Tuesday, September 14, 2010

The HST Referendum

People are now unhappy that this is going to a referendum?   That is the only possible option,  it is unreasonable to expect the proposed act to be passed by the current legislature because it is the one that brought in the HST in BC.   A referendum is the best way to get the question answered if the public is for or against the HST when it comes to taking an action that is intended to direct the government.

It seems completely unreasonable for the Legislature to consider the proposed Act without some sort of direct democratic mandate to do so.   The intent of the initiative process has always been to send things to referendum, the committee has done exactly what was expected of them to send it to referendum.

I also find the commentary out there that the referendum is not binding an indication of the lack of knowledge the public has over how we are governed.   No referendum can bind the Crown and by extension the Executive or the Legislature.   There is no constitutional space to make a referendum binding within the Constitution of Canada or the Constitution of BC.  

Our constitutional monarchy works by having the legislature advise the Crown and then the Crown acting on the advice.   The representative of the Crown appoints a government based on who has the confidence of the house.   At no point is there anyway for a referendum to bind the Crown or the government.

There has never been a binding referendum in Canadian history, and unless we change our system of governance from a constitutional monarchy to some form of republic.   In a republic the power is vested in the people, in our current system power is vested in the Crown.

Later I will do some analysis on recall campaigns and the odds that they will succeed.


Anonymous said...

well...not legally binding.
But in practice there are binding referenda. If the government says it will be binding then for all intents and purposes it is binding. They'd be taking a huge risk going against the decision of a referendum they said was binding even though legally it is allowed.

As for whether this should be a referendum or not I'm kind of torn on the issue. I understand the ballot initiative process is intended to allow the people to direct the government outside elections. But I'm wary of setting precedents where people get everyone riles up over something then start constraining the ability of the legislature to govern effectively. Maybe there are checks and balances in BC's system that avoid problems but I worry about what has happened in California where many ballot initiatives over the years have essentially hobbled the government and might bankrupt the state.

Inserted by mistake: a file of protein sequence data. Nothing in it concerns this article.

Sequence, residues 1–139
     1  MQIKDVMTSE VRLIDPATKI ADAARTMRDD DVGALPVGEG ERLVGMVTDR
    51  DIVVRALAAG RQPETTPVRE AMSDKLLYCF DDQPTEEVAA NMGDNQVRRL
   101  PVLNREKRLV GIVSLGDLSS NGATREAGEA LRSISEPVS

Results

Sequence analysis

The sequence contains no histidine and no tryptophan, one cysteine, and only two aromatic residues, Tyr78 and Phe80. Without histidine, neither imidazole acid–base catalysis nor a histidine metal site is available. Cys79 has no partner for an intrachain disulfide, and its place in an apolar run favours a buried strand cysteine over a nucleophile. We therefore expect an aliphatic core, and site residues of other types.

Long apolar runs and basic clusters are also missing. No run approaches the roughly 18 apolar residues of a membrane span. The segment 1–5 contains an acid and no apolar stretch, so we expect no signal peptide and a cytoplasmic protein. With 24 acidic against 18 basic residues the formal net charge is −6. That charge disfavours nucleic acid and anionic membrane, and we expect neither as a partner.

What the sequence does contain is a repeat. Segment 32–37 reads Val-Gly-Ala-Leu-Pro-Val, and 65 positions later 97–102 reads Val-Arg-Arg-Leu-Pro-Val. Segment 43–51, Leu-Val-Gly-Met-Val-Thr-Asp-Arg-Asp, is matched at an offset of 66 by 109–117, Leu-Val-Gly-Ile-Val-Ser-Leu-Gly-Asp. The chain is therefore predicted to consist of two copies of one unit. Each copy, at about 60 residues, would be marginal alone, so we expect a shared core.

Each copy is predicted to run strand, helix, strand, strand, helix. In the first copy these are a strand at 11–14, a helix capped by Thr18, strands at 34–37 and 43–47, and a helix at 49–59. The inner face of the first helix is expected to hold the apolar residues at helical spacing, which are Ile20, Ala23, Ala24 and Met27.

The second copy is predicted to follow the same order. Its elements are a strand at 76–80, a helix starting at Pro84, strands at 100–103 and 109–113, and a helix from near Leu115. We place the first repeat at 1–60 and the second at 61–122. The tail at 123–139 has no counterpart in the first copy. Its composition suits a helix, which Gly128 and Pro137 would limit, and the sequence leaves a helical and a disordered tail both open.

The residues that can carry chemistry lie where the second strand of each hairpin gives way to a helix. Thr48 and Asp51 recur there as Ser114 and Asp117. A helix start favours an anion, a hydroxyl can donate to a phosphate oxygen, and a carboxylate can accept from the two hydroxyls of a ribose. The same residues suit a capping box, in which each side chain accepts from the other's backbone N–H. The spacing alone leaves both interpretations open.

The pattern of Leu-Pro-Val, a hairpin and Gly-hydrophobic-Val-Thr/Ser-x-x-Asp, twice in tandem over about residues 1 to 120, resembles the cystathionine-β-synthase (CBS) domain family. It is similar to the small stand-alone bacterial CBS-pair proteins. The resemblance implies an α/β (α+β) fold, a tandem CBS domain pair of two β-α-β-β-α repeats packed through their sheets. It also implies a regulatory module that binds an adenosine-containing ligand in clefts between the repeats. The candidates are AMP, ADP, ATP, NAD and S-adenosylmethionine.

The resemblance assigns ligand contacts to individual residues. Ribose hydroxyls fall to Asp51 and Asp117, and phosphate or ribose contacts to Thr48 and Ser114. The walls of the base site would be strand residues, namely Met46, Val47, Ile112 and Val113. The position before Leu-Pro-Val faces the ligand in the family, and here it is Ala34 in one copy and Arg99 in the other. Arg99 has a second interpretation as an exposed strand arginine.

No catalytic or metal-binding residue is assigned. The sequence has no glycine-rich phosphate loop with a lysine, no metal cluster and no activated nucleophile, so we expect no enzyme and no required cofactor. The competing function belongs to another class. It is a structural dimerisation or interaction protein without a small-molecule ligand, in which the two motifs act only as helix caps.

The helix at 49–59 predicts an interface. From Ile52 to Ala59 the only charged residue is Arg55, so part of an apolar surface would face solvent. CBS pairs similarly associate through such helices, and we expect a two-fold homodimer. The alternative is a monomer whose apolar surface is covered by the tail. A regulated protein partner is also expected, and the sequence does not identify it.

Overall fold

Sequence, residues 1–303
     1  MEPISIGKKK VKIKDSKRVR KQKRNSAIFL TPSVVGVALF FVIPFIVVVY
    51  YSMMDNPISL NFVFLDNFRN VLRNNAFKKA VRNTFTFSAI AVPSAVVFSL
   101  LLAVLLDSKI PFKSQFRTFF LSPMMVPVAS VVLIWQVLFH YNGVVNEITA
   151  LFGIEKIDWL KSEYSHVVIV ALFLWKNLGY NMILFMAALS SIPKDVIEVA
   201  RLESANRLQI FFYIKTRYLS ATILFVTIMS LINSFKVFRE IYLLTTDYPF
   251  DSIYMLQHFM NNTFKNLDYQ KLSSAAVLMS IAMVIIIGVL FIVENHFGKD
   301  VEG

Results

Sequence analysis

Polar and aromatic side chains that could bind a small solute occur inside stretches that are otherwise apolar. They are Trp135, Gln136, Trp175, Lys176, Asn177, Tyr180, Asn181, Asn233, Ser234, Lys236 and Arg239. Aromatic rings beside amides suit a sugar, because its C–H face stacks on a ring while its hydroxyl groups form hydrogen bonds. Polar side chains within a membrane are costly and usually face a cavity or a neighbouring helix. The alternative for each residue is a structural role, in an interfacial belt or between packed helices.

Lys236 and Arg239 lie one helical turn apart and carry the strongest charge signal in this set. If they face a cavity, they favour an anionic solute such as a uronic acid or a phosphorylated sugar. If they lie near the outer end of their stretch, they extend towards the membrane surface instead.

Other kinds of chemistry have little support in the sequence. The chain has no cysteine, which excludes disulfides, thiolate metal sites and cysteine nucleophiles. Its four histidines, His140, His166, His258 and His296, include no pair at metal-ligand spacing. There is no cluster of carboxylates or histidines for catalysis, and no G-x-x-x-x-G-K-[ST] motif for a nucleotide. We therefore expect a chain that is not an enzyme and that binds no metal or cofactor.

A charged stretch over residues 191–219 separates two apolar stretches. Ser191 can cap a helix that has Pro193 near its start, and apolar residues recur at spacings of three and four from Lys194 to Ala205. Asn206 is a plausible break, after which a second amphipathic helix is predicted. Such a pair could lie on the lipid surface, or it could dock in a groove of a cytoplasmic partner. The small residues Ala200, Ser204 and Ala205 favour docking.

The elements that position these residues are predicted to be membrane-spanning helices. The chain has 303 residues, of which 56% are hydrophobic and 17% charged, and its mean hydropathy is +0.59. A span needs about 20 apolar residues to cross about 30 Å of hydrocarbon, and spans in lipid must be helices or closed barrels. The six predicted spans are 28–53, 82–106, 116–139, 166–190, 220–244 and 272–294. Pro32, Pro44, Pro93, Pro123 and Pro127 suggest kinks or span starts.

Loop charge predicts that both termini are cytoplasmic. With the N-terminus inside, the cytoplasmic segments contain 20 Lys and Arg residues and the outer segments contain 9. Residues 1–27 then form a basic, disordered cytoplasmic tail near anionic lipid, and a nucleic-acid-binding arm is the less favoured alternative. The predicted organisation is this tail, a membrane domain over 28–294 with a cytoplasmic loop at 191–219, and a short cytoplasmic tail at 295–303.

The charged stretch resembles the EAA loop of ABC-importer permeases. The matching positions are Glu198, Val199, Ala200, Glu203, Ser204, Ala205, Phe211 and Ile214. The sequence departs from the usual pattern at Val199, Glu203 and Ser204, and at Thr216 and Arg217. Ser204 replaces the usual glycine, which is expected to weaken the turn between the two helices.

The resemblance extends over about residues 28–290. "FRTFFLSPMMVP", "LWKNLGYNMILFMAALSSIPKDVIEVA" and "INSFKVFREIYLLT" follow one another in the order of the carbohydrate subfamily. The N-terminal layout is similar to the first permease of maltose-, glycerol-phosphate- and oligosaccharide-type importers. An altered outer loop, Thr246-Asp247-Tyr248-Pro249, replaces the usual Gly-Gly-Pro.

This initiative is pretty simple, but it is about the ability to tax. What if next year van der Zam brings forward a motion that the legislature can't raise taxes at all? Lots of people would like that, what if they vote for it, and pass a referendum on it. Can that kind of thing happen under BC's system?

Maybe I'm worrying over nothing, but anything that allows emotionally charged, populist, yes/no referenda to arbitrarily constrain the ability of the legislature to pass laws makes me worry about where it will all lead.

Tim said...

What no one in this brain dead province seems to get is the HST can ONLY can repealed by the Federal Parliament. The BC referendum and initiative act and whatever promises Gordon Campbell or Carole James make are irrelevant as only Ottawa can eliminate the HST and this is also the view of the recent court judgment of the constitutionality of the HST by Judge Baumann.
Now at some point it might be in the political interest of Ottawa to do this but I do not think it will be as simply as people think. First and foremost some of what is coming out of the Conservatives and the Civil Service seems to indicate in vague way that the Federal Government will hold BC to the full five year term of the agreement. Harper for example mentioned that BC has the same agreement as all the other HST provinces which I interpret to mean BC will be held on an equal basis to the same of terms of the CITCA agreement as every other province. I also think the real decider at the political level is Jim Flaherty not Harper and I think Flaherty is someone who if you look at his track record on income trusts and national securities regulation is not someone that is sympathetic to an old style Reform party view of provincial rights.
Now would Vander Zalm turn his guns on Harper and Flaherty. Hard to say I think he was pretty pissed off at his lawsuit on the HST's constitutionality being thrown out by Judge Baumann. I for one think Ottawa would be a much more entertaining place with someone like Bill Vander Zalm as an MP running on a western populist style platform. On the otherhand Ottawa is a different game completely than provincial politics. For example the internal politics of the Bloc and the provincial PQ are much different despite the fact the are commonly associated with one another. The Bloc is a very hieracheral party similar to the Federal Conservatives dating back to the days of Lucien Bouchard. The PQ on the otherhand is much more rambunctious undisciplined group with all sorts of special interests akin to the BC provincial NDP.
One unique odd thing about BC which it has in common with Quebec is that a significant segment of the population is far more engaged in provincial politics than federal. In Ontario and even Alberta in some ways it is completely the opposite.